It’s easy to forget how Kansas City Chiefs’ general manager Brett Veach rose up the ranks in front offices as a scout that supposedly stood on the table to draft players like LeSean McCoy, DeSean Jackson, Fletcher Cox and Patrick Mahomes.
This year, that foundational skill of scouting football players will be as important as ever — with the Chiefs having 12 draft picks, including eight in the first four rounds. It’s an unprecedented situation for this organization — they haven’t selected more than six prospects in one draft since 2016.
Veach gave us a few nuggets about their strategy during his pre-draft press conference on Friday. Here’s what to glean from it:
1. First-round possibilities
“We have around 16 to 18 names on our front board as first-round picks,” Veach revealed to reporters on Friday. “Picking there at 29 and 30, the odds of one of those guys falling isn’t great... but similar to last year, when you look at value in this draft, 30-60 is really good. We were able to get Nick Bolton and Creed Humphrey last year. I think there will be a lot of value similar to that; there’s a lot of good players in the second and third rounds.”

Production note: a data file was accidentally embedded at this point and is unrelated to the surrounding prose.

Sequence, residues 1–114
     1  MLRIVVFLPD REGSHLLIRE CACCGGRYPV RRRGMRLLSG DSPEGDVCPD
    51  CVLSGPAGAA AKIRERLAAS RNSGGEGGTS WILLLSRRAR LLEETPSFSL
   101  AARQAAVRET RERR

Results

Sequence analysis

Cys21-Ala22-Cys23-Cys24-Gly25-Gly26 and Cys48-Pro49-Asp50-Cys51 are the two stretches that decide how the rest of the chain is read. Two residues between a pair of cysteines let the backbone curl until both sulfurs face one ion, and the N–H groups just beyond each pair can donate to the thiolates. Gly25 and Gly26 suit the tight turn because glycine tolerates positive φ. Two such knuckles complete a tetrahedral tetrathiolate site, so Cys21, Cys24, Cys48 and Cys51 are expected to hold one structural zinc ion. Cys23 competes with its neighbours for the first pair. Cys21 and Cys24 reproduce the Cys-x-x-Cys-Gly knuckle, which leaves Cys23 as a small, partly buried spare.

Veach has succeeded in that hot zone he has referenced for multiple years, but it’s because he’s had to. The Chiefs’ on-field success has prevented them from having the capital to be in the mix for a top prospect, but that isn’t the case this year.
All these picks in the first four rounds allow them to be much more flexible in terms of a trade-up scenario on opening night.